A LWRP is a part of a cookbook that is used to extend the chef-client in a way that allows custom actions to be defined, and then used in recipes in much the same way as any platform resource. A LWRP has two principal components:
Once created, a LWRP becomes a Ruby class within the organization. During each chef-client run, the chef-client will read the lightweight resources from recipes and process them alongside all of the other resources. When it is time to configure the node, the chef-client will use the corresponding lightweight provider to determine the steps required to bring the system into the desired state.
Where the lightweight resource represents a piece of the system, its current state, and the action that is needed to move it to the desired state, a lightweight provider defines the steps that are required to bring that piece of the system from its current state to the desired state. A LWRP behaves similar to platform resources and providers:
Read more about how to build custom lightweight resources.
A lightweight resource is created by the action block of a lightweight provider. When the resource collection is compiled, a lightweight resource is inserted into the top-level resource collection after the point at which the lightweight provider is associated. For example, if a resource collection looks like:
top_level_resource_one lwrp_resource top_level_resource_two
then when lwrp_resource is executed, the resource collection will be modified as follows:
top_level_resource_one # already processed lwrp_resource # already processed embedded_resource_one # created by the lightweight provider embedded_resource_two # created by the lightweight provider top_level_resource_two
In this situation, embedded lightweight resources cannot notify the top-level resource because the top-level resource has finished processing. This has the same effect as if the top-level resource collection were invisible to the embedded lightweight resources.
To ensure that an embedded lightweight resource can notify the top-level resource add use_inline_resources to the top of the file that defines the lightweight provider that is associated with that lightweight resource. When use_inline_resources is added to the file, the code in the lightweight provider’s action block will execute as part of a self-contained chef-client run. If any embedded lightweight resources are updated, the top-level lightweight resource is marked as updated and notifications set for the top-level resource will be triggered normally.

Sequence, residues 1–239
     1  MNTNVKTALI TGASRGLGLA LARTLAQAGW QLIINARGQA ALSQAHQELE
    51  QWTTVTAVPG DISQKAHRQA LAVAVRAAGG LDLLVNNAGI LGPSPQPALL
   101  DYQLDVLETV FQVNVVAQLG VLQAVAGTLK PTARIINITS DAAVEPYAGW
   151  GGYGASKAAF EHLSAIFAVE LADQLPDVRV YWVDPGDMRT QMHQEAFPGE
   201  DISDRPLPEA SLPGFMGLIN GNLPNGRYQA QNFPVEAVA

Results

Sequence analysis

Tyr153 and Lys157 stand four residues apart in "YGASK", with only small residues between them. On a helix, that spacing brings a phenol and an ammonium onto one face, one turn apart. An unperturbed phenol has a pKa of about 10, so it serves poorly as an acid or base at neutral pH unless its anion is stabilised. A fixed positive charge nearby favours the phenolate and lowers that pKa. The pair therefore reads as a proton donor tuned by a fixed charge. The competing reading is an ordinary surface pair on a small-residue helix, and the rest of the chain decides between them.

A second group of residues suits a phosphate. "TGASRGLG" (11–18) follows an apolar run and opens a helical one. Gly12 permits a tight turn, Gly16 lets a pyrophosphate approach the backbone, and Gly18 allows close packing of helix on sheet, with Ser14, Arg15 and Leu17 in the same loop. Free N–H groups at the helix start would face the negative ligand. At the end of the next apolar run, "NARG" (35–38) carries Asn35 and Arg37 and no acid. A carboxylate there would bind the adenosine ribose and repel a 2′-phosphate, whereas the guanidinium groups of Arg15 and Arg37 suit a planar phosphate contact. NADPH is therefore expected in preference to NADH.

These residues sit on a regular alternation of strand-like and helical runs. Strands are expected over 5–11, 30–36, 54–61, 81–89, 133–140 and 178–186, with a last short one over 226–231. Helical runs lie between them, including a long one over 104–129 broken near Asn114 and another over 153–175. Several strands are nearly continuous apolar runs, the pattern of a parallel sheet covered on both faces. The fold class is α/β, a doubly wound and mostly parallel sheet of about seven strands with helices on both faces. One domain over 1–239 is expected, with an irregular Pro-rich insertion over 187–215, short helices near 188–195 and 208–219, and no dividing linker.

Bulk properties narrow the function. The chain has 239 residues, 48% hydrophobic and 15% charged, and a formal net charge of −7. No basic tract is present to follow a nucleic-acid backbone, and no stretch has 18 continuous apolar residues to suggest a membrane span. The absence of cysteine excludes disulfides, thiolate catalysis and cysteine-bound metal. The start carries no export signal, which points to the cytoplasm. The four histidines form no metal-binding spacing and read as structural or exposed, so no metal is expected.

Custom resources and providers can also be created using the LWRP DSL. Chef maintains a collection of cookbooks that define some common scenarios. Many of these cookbooks contain custom resources. To use these resources within recipes to increase automation opportunities the cookbook that defines these custom resources must also be uploaded to the server so that the custom resources are available to the chef-client during a chef-client run.
|apt||The apt cookbook is used to configure APT and APT services, for managing APT repositories and preferences.|
|aws||The aws cookbook is used to manage resources that are running in Amazon Web Services.|
|bluepill||The bluepill cookbook is used to install Blue Pill, and then use it to manage services.|
|chef_handler||The chef_handler cookbook is used to distribute and enable exception and report handlers.|
|daemontools||The daemontools cookbook is used to install and configure daemontools so that it can be used to manage UNIX services.|
|djbdns||The djbdns cookbook is used to install djbdns and use it to configure DNS services.|
|dmg||The dmg cookbook is used to create a DMG package for use with Mac OS X.|
|dynect||The dynect cookbook is used to manage DNS records using the DynECT REST API.|
|firewall||The firewall cookbook is used to manage firewalls and their associated firewall rulesets.|
|freebsd||The freebsd cookbook is used to manage port options for FreeBSD.|
|gunicorn||The gunicorn cookbook is used to install and configure Gunicorn.|
|homebrew||The homebrew cookbook is used to install and configure Homebrew for use as the package manager for Mac OS X.|
|iis||The iis cookbook is used to install and configure Internet Information Services (IIS).|
|maven||The maven cookbook is used to install and configure Apache Maven.|
|nagios||The nagios cookbook is used to install and configure Nagios.|
|pacman||The pacman cookbook is used to install the pacman package manager and configure groups.|
|php||The php cookbook is used to install and configure PHP and PHP modules.|
|powershell||The powershell cookbook is used to install Windows PowerShell.|
|python||The python cookbook is used to install Python, pip, and virtualenv.|
|rabbit mq||The rabbitmq cookbook is used to install and configure RabbitMQ.|
|riak||The riak cookbook is used to install and configure the Riak distributed data store.|
|samba||The samba cookbook is used to install and configure Samba.|
|sudo||The sudo cookbook is used to install sudo and configure /etc/sudoers.|
|supervisor||The supervisor cookbook is used to install Supervisor and use it to provide resources while configuring services.|
|transmission||The transmission cookbook is used to install and configure the Transmission BitTorrent client.|
|users||The users cookbook is used to create users based on a data bag search.|
|webpi||The webpi cookbook is used to run the Microsoft Web Platform Installer (WebPI).|
|windows||The windows cookbook is used to configure auto run, batch, reboot, enable built-in operating system packages, configure Microsoft Windows packages, reboot machines, and more.|
|yum||The yum cookbook is used to manage the contents of the yum.conf configuration file for global yum configurations and for individual yum repositories.|